Visas for foreign HGV drivers to work in the UK hauling petrol have been extended.
The news follows an announcement that military drivers are also now taking to the road to ensure petrol deliveries take place.
The Government says there are 300 immediate visas being offered to foreign lorry drivers and they can remain in the country until the end of March.
This will be a ‘temporary move’ and not a long-term solution and the Government is again urging British employers to invest in a British workforce.
Foreign food haulage drivers
Also, some of the 4,700 visas that had been earmarked for foreign food haulage drivers to take up jobs in the UK, will also be extended.
This move will see the visas running to the end of February.
Ministers have also acted to extend the deadline for the temporary visas of 5,500 poultry workers recruited overseas amid growing fears that there will be a shortage of Christmas turkeys and food on supermarket shelves.
Previously, these visas were meant to end on Christmas Eve but will now run until 31 December.
Supply of fuel has remained a problem
And following Friday’s announcement from the Petrol Retailers’ Association that the supply of fuel has remained a problem, they say that for people in the south-east of England, the situation has ‘got worse’.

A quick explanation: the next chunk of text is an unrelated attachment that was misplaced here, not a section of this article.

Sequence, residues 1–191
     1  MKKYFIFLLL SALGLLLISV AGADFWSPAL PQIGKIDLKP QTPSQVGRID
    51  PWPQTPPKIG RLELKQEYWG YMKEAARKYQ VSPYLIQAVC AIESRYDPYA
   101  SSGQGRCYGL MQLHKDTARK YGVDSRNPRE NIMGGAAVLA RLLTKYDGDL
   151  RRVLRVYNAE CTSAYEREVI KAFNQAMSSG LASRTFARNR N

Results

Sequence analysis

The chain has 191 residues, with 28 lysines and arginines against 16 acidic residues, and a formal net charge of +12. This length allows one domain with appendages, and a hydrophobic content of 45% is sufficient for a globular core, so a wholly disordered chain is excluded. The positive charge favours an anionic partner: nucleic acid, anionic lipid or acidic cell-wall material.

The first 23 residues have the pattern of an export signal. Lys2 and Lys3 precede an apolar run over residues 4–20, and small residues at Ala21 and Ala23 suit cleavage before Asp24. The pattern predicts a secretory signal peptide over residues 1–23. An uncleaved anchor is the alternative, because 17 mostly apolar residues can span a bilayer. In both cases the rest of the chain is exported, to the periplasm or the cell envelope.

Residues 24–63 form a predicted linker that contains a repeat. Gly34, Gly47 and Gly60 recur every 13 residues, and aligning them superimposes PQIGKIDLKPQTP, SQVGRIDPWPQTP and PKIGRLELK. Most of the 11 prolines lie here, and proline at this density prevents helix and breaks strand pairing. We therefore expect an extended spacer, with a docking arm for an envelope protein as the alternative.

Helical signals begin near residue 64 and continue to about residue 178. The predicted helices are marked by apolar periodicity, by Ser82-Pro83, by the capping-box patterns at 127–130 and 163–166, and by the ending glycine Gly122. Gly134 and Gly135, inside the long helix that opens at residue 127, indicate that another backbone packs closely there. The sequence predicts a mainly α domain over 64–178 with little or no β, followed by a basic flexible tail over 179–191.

But from today more than 200 military drivers will be offering temporary support to help ease pressure on the country’s forecourts where queues are a regular sight.
The military drivers have now completed their specialised training in driving fuel tankers and are now accompanying regular tanker drivers while they’re on their deliveries.
A number of haulage firms have helped to train the military drivers, including fuel logistics outfit, Hoyer.
Country needs 90,000 HGV drivers
Logistics UK says the country needs 90,000 HGV drivers and blames poor working conditions, low wages, an ageing workforce, Brexit and the Covid-19 pandemic.
The Government is also highlighting that while most foreign drivers will be recruited from Europe, those eligible are not restricted to the European Union.
Other measures to tackle what could be potential disruption in the run-up to the festivities have also been revealed, including:
- Writing to 1 million people holding an HGV licence in a bid to encourage them to return to the industry
- Boosting HGV testing capacity
- Offering training courses for HGV drivers.
Warning to road haulage employers
However, Prime Minister Boris Johnson has repeated his warnings to road haulage employers that it cannot rely on cheap immigrant labour.
He said that he wanted to end the country’s reliance on hiring low-wage foreign workers and for the country to become a highly productive, well-skilled and well-paid economy.
The Prime Minister said that the situation over food and fuel shortages will be kept under review, and he added: “We basically allowed the road haulage industry to be sustained with a lot of low-wage immigration that meant that wages didn’t go up and the quality of the job didn’t go up.
“The weird thing is now that people don’t want to go into the road haulage industry, don’t want to be lorry drivers, precisely because you have that mass immigration approach that held wages down, that held the quality of the job down.”